A mom struggles with keeping her son safe, and letting him explore the neighborhood.
This summer, I’ve teetered on a seesaw between granting new freedoms to my future third-grader and controlling his life.
He craves his independence, and until now I’ve been able to labor under the illusion that I can manage his environment — everything from what he watches on TV to the radio stations he listens to and the beverages he drinks … or doesn’t.
It wasn’t until he went off and spent his own money on a handheld radio at a garage sale in May that he discovered classic rock with less-than-desirable lyrics.
“I like that hard rock stuff, Mom,” he told me before jamming out with his air guitar.
I hesitated to answer, suddenly thrust into the decidedly uncool role of “censor” — which is, of course, what I had been doing on the sly for years.
The next time we were in the car and I happened upon that Guns N’ Roses anthem “Welcome to the Jungle,” I cranked the volume, determined to raise my guitar credentials. I even screeched out a few lyrics. (Yes, I’m that pathetic.)
And I understand there are far worse things for a parent to worry about than whether or not your kid is drinking the occasional soda from the 50-cent pop machine at church or learning how to change stations on the TV.
It’s a dangerous world out there, people. Or maybe not.
Author Lenore Skenazy doesn’t think so. Dubbed “America’s Worst Mom” after she let her 9-year-old ride a familiar route on a New York subway by himself, she wrote a book titled “Free Range Kids: Giving Our Children the Freedom We Had Without Going Nuts.”
She offers statistics that crimes against children have dropped significantly since the 1970s — although the media’s fascination with child kidnappings and tragic occurrences leads everyone to believe otherwise.
“Mostly, the world is safe,” she writes. “Mostly, people are good. To emphasize the opposite is to live in the world of tabloid TV. A world where the weirdest, worst, least likely events are given the most play.”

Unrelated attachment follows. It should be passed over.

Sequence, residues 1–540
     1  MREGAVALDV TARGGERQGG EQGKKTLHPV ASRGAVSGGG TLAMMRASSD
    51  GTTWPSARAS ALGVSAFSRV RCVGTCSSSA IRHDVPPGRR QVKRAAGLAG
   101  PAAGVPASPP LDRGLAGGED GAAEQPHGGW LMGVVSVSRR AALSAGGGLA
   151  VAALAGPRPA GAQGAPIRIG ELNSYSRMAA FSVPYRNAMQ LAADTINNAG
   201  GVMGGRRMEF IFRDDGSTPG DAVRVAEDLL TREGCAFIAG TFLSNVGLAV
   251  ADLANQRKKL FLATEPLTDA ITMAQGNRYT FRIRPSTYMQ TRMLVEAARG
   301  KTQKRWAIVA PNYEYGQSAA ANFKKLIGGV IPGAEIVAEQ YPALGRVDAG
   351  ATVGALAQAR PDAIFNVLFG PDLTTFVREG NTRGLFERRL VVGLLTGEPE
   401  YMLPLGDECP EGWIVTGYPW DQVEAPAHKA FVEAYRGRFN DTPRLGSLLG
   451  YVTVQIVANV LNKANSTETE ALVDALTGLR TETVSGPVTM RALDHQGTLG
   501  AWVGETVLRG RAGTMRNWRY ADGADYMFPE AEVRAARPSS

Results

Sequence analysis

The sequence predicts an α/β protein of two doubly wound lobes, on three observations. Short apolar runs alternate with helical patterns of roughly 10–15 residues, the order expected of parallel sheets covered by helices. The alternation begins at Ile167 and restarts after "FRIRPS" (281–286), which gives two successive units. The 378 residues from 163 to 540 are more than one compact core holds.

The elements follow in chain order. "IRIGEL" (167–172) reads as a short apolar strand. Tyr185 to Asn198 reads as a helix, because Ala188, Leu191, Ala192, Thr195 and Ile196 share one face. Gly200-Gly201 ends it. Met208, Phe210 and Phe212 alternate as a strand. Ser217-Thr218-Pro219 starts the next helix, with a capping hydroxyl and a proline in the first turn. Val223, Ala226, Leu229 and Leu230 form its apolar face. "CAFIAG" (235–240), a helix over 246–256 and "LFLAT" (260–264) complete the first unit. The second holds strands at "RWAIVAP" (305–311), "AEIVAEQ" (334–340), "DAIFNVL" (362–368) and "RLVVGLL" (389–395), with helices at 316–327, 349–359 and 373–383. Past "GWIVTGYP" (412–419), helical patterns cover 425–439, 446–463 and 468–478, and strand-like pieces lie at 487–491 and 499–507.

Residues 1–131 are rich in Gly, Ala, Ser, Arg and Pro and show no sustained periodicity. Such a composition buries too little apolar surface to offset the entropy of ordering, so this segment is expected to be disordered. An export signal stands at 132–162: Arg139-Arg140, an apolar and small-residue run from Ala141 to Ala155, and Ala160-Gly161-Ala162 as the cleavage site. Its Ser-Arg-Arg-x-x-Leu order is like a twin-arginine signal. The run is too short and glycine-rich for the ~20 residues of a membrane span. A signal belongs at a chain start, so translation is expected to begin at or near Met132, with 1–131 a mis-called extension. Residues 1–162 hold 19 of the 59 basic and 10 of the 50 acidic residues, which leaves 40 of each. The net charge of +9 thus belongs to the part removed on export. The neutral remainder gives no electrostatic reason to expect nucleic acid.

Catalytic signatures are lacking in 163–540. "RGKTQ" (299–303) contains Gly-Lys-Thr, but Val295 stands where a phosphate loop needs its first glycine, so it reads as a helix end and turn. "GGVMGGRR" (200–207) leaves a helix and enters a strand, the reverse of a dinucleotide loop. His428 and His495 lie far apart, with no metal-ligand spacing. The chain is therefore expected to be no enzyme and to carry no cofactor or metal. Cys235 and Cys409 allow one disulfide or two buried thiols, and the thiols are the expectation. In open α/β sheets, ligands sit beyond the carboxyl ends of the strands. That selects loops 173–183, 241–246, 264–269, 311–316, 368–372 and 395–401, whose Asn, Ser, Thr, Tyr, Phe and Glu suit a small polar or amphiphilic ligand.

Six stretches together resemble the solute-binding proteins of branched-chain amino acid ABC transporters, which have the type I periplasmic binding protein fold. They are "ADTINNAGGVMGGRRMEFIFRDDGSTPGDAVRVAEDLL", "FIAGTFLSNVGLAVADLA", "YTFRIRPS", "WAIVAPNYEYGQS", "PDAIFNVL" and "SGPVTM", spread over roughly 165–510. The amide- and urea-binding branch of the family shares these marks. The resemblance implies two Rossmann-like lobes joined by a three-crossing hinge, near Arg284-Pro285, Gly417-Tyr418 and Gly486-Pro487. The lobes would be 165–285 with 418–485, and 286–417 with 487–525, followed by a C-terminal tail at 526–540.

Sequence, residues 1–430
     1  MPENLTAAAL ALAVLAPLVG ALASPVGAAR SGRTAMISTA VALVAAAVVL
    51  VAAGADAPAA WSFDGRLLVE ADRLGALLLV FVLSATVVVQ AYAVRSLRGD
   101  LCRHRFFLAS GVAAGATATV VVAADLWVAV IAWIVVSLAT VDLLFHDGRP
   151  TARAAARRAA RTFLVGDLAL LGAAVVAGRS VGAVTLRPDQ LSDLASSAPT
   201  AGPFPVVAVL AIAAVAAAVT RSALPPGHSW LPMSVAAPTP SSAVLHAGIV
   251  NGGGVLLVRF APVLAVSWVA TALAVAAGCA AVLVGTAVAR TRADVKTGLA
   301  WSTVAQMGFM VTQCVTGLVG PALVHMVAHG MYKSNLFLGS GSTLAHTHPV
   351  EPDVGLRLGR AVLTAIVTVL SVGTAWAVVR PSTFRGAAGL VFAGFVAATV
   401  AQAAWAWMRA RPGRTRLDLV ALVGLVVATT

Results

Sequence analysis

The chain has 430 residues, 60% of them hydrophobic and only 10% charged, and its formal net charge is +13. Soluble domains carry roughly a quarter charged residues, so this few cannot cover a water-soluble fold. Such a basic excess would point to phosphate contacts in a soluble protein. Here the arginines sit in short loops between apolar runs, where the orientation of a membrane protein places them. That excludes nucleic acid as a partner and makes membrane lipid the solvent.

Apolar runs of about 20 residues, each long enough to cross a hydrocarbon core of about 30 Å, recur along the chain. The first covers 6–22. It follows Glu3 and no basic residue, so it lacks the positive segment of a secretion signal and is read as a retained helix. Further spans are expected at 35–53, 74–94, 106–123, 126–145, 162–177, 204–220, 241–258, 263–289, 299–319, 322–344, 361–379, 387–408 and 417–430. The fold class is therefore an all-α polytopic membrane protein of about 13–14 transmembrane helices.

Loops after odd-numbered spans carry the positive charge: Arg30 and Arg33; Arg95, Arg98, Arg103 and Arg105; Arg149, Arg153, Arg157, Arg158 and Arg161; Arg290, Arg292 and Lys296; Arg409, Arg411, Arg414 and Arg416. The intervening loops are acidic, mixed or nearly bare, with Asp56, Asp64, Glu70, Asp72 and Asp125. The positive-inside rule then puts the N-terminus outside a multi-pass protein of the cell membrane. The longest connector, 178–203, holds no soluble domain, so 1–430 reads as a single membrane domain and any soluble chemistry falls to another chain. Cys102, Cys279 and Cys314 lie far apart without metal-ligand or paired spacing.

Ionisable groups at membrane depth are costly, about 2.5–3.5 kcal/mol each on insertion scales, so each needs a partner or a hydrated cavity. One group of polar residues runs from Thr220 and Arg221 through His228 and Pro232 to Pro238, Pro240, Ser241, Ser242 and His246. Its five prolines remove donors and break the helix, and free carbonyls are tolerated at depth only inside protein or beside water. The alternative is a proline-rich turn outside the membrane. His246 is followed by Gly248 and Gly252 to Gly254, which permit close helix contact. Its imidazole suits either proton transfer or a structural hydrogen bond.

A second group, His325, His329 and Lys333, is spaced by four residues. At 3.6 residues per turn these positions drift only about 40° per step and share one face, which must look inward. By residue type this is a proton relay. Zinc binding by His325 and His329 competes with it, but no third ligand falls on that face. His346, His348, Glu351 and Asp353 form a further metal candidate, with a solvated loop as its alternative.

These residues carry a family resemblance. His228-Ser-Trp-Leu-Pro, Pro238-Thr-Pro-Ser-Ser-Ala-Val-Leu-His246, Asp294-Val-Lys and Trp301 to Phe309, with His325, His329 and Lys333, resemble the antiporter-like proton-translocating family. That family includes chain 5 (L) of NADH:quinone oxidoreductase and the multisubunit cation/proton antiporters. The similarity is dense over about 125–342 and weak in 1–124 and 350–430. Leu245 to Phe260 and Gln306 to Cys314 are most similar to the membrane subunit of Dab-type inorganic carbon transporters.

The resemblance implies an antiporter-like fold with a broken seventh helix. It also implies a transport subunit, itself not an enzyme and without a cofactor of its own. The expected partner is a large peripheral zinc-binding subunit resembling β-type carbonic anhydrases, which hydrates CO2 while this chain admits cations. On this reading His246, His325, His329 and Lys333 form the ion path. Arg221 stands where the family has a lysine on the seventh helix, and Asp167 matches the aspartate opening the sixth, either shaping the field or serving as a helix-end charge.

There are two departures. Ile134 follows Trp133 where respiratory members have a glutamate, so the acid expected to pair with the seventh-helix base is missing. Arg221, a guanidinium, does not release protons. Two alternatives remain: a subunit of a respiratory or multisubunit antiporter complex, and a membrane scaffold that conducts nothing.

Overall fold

Yet, we persist in restricting our children in otherwise healthy pursuits like playing outside, exploring their surroundings and making mistakes on their own. Fear drives us. Fear that our child will be the one case in a million where something goes terribly wrong, and we could have somehow prevented a horrible outcome by better controlling the child’s environment.
Last week, my son approached me about riding his bike by himself through the neighborhood ... on the street ... where cars roam and UPS drivers barrel down the hill.
“I’ll keep a close eye out for cars, Mom,” he promised. “And I’ll check in with you.”
I took a deep breath and studied his face closely. The scenario of squealing tires followed by a mangled bike and crumpled body emerged briefly before I stuffed it back down. He looked so hopeful that I smiled at him.
“Please be extremely careful and stay to the right,” I said. “And don’t go anywhere near the highway.”
“I won’t,” he said. “Thanks, Mom. You’re the best.”
And I am ... until I’m not.
It hasn’t been that long since I was a kid. Even I remember how a bicycle carries you away from the familiar confines of one’s yard like a bird on a breeze.
Freedom is exhilarating, I thought, as he pedaled off our driveway and up the hill.
I forced myself to saunter to the front door and watched until I couldn’t see him any longer.
Julie Kaiser is a freelance writer and columnist living in Chatham, Ill. Her column runs every other week. State Journal-Register.